Originating from west-central France, the Poitevin Horse is a draft-type breed
However, this interesting breed has never been bred for draft ability, nor has it been used for draft labor to a noticeable extent since the primary traditional use for it was in the production of mules.
So, if you’re interested in learning more about this unique breed, keep reading!
Poitevin Horse Breed Info
Here are some of the key things you need to know about the Poitevin Horse:
|Height (size)||15.3 – 17.1 hands high|
|Colors||Any solid coat color, including striped dun, tan-colored with black mane and tail and primitive markings; white marking are minimal|
|Country of Origin||France|
|Common Uses||General riding, driving, light agricultural work in vineyards|
Poitevin Horse Facts & Information (Breed Profile)
The most significant initial use of the breed was the breeding of mules, who were prized for their strength and endurance, and that is where the name Mulassier comes from.
The name Poitevin is derived from the name of its native region, the Poitou.
Different Origin Theories
Due to the morphological resemblances between the Poitevin and the remains of ancient horse breeds in the Poitou area and the Mesolithic remains close to the Echire and Surgeres, many believe they are related.
However, such claims have yet to be confirmed by scientific studies.
Another theory is that the Celts may have also introduced horses to the Poitou area during their migration to France starting in 450 BC.
Additionally, records show that a Roman bishop requested a mare from this area from the Count of Poitou in the 10th century.
The ‘modern’ Poitevin may trace its ancestry back to the horses of Flemish or Dutch origin brought to the marshlands of Poitou in 1599 by engineers working on land drainage.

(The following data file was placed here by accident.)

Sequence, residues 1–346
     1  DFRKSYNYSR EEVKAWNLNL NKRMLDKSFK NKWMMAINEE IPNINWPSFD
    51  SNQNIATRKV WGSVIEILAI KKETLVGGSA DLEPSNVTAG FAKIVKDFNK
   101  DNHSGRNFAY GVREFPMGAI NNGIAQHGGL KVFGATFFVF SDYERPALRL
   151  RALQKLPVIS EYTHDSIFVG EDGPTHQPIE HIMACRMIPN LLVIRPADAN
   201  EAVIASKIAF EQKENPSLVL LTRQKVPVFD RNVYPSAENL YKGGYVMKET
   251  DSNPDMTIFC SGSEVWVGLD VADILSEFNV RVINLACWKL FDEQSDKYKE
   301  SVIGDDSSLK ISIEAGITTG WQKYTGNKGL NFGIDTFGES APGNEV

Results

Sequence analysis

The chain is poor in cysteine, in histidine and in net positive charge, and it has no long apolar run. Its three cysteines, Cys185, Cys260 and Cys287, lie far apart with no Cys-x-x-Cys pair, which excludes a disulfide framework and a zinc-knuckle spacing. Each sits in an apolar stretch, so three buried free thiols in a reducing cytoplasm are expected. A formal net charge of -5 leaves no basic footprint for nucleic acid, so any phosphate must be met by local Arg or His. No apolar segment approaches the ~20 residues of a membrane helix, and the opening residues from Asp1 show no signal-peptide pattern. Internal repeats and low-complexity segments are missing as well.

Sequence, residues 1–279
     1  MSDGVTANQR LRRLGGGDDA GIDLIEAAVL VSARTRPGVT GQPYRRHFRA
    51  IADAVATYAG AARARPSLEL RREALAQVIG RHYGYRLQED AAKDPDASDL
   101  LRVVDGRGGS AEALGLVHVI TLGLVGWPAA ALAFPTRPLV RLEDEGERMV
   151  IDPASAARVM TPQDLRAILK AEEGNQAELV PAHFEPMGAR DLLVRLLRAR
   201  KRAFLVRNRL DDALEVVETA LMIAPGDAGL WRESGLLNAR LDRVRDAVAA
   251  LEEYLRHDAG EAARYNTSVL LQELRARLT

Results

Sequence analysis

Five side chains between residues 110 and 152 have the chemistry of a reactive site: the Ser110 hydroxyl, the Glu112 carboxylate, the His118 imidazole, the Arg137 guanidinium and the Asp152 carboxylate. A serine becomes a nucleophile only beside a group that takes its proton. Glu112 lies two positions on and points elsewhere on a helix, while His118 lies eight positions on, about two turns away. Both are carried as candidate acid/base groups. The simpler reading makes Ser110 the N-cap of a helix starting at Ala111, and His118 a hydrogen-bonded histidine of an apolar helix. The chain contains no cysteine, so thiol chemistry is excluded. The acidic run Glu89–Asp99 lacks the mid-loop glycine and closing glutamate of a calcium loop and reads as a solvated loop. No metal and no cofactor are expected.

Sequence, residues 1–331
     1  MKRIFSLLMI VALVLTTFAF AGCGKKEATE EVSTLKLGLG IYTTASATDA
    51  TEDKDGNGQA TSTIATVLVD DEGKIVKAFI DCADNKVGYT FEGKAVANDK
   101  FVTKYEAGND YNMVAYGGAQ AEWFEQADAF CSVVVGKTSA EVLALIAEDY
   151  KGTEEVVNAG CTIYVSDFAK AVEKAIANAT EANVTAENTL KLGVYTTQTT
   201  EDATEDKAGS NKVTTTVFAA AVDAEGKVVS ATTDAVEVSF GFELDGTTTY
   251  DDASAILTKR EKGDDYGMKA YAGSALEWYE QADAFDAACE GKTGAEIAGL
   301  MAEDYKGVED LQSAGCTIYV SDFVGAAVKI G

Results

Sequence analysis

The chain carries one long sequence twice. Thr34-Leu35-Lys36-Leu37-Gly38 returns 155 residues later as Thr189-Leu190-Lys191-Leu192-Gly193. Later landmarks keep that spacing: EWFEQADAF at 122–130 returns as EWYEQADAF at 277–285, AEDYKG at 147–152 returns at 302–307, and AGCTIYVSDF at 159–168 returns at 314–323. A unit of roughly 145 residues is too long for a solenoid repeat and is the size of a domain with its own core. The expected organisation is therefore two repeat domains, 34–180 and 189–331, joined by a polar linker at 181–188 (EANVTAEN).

The Brabant, Friesian, and a particular type of Flemish work horse that was well-liked in the 13th century were among the breeds that the engineers brought with them.
The emergence of the Poitevin, a big, heavy, slow horse ideally suited for marshy terrain, was the result of crossbreeding between these different imported horses and indigenous stock.
The Production of Mules
The huge Baudet du Poitou breed of donkey was crossed with Poitevin mares to produce large Poitevin mules, which were in high demand for agricultural and other tasks in many countries including Russia and the United States, and were known for their hardiness.
However, the mule breeding industry, which was dominant throughout the entirety of the 18th century, suffered a setback when the government decided to cross the Poitevin breed with light-weight Norman and Thoroughbred horses in an effort to breed cavalry horses for the French troops.
The new horse was named Anglo-Poitevin and was a half-blood produced by crossing Thoroughbreds with crosses utilized by the army.
But, a number of private breeders objected despite financial incentives because they believed that the offspring of crossed horses would produce poor quality mules.
The crossbreeding also altered the traits of the breed which were beneficial for work in the marshlands, such as their large hooves and a calm temperament.
19th Century Developments
In the 19th century, the Poitevin got some blood from other breeds: at the beginning of the century, a few Percheron stallions were brought into the region; between 1860 and 1867, around ten Bourbourienne stallions were used; and more considerable use was made of Breton stallions, which was welcomed by some breeders and criticized by others.